Cyprus Mail

‘State not looking to take vindictive measures against teachers’ (Updated)

Education Minister Costas Hambiaouris

By Evie Andreou

Education Minister Costas Hambiaouris on Monday refuted claims that the government would take vindictive measures against striking teachers, but stressed it plans on finding ways to best tackle the issue by protecting the rights of pupils.

Hambiaouris, along with the ministers of agriculture and labour, had a meeting on Monday with Attorney-general, Costas Clerides, to discuss legal instruments for managing the 48-hour teacher strike which is set to start on Tuesday. The three ministers were appointed by the cabinet as a committee tasked to handle the education crisis.

The minister refrained from elaborating on whether the committee came to any conclusions during their meeting with Clerides.

“Because the right to strike is constitutionally guaranteed and fully respected, we have discussed with the Attorney-general ways to take legal measures so that the state can ensure unhindered provision of education to our children and their right to learn,” Hambiaouris said.

He reiterated that any decisions taken would not concern counter measures.  “To make this clear; we do not know who has adopted this term, I just repeat, [we’ll take] legal measures to manage the situation for our children to have unhindered access to their education,” Hambiaouris said.

On whether striking teachers would see their wages slashed, Hambiaouris said that this was one of the issues to be looked into in due time.

On Sunday the head of the primary education teachers, Fylios Fylaktou had said that they had sought legal advice from the law firm of Alecos Markides, a former attorney-general. The advice given, according Fylaktou, “clearly said the teacher’s salary is not in exchange for what he/she does in school, but that it ensures his/her living […] so that they can perform his/her vocation. Therefore, classroom and extracurricular activities cannot be valued in money, so there can be no pay deduction.”

But Markides told the CyBC the law stipulated that an employer was not obliged to pay salaries for the days workers were on strike.

Hambiaouris on Monday refrained from making further statements so as not to increase tension.

Prior to the meeting with Clerides, Hambiaouris refuted reports that his ministry was planning on taking vindictive measures or that it would carry out disciplinary probes. He said that they would study with the attorney-general the measures taken by educational organisations and see how they could manage the crisis in the best possible way, away from controversy and tension.

In view of the strike, the education ministry announced that it would not be in a position to offer protection and safety in schools on Tuesday and Wednesday.

Organised parents, who on Monday blamed both sides for the ongoing crisis in education, advised that children would be best kept home during the strike for safety reasons.

In a statement, the federation of secondary education parents’ associations said that despite the fact that government and teachers had been declaring on every occasion the last couple of months that their top priority was the good of pupils, their actions showed the opposite.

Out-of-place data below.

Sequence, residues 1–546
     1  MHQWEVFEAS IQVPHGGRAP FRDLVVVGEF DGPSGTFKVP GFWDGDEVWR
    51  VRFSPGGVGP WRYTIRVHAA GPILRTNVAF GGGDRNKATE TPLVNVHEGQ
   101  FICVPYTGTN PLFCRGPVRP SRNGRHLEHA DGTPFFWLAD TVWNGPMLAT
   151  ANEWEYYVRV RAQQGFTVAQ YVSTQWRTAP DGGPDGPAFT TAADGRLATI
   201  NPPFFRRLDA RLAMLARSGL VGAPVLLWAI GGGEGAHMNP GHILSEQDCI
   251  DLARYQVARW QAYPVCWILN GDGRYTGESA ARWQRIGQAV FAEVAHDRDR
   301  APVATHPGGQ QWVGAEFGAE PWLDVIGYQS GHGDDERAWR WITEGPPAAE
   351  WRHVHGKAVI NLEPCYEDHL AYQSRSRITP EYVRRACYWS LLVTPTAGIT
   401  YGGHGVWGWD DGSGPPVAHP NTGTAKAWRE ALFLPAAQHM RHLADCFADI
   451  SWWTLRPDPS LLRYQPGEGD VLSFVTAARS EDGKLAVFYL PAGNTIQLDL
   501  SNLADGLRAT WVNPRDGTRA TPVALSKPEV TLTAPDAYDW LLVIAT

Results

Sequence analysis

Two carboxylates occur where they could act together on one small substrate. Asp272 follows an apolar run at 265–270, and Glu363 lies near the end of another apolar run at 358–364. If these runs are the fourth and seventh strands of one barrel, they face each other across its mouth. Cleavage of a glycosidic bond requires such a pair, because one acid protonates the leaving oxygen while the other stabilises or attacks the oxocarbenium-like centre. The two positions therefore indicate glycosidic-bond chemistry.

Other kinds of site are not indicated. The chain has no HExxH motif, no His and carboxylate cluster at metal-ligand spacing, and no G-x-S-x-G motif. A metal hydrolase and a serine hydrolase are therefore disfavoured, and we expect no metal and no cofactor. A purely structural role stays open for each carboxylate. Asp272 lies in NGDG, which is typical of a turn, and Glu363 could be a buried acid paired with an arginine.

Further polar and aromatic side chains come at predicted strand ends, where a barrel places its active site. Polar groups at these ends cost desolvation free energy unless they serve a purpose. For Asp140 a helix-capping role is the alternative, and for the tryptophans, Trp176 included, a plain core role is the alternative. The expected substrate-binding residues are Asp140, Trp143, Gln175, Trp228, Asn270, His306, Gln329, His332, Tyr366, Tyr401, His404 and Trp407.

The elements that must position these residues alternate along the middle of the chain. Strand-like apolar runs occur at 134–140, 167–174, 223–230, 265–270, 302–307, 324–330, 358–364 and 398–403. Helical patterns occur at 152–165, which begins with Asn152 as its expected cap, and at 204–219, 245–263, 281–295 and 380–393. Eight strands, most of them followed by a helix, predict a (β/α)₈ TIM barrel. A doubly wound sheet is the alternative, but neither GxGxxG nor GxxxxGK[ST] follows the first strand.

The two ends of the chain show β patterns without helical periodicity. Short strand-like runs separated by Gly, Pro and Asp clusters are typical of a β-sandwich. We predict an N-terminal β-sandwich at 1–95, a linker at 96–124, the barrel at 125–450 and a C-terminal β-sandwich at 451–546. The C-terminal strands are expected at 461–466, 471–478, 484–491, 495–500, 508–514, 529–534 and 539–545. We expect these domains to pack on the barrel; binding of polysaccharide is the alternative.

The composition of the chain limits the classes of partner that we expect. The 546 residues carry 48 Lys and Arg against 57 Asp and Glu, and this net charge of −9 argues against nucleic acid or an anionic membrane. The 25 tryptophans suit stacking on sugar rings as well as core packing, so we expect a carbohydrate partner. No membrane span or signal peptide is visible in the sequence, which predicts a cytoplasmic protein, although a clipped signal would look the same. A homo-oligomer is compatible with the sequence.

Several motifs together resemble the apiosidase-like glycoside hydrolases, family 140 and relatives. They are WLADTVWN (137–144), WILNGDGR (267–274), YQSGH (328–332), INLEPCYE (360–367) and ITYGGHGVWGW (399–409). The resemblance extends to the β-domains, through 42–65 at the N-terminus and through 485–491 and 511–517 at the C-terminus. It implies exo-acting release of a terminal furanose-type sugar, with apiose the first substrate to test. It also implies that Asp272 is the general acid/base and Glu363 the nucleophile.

“None of them shows substantive will and cooperation to resolve disputes and to restructure the education system,” the parents said. “We are confident that when they finally realise that the focus, is or should be, the pupils, and when there is substantive will, flexibility and cooperation on both sides, then we will surely find a solution to all the problems faced by the public school.”

Meanwhile, primary and secondary teacher unions officially announced on Monday they would go on a 48-hour strike as of Tuesday and called on all their members to participate.

Unions Poed, Oelmek and Oltek said that their boards, following the green light given to them by the majority of their members earlier in the month, have jointly decided to take strike measures to protest against the “unilateral decisions” of the cabinet last July, but also the subsequent “unacceptable stance of the government” against educators in general and their leadership and public school.

In a written statement, the three unions called on all educators in state schools, but also those teaching in night schools, adult education centres and those seconded to the education ministry to “participate in our just struggle” to defend public education.

In a news conference on Monday, Fylaktou said the issue was not the free periods or the money but the government’s unilateral decisions.

“We will defend the public school because it is the one that accepts all kids without exception, kids from low socioeconomic levels, kids with problematic and delinquent behaviour, kids with special needs,” he said.

Fylaktou said the unions have prepared themselves for a lengthy struggle but hope there will not be a need for one.

All three teaching unions decided to go on strike last week because the government rejected additional demands made after an agreement between the unions and the ministerial committee had been reached. The two-month dispute concerns the decision by the government to slash some of the teaching exemption benefits of state educators in a bid to save funds to be used for other needs in public education.



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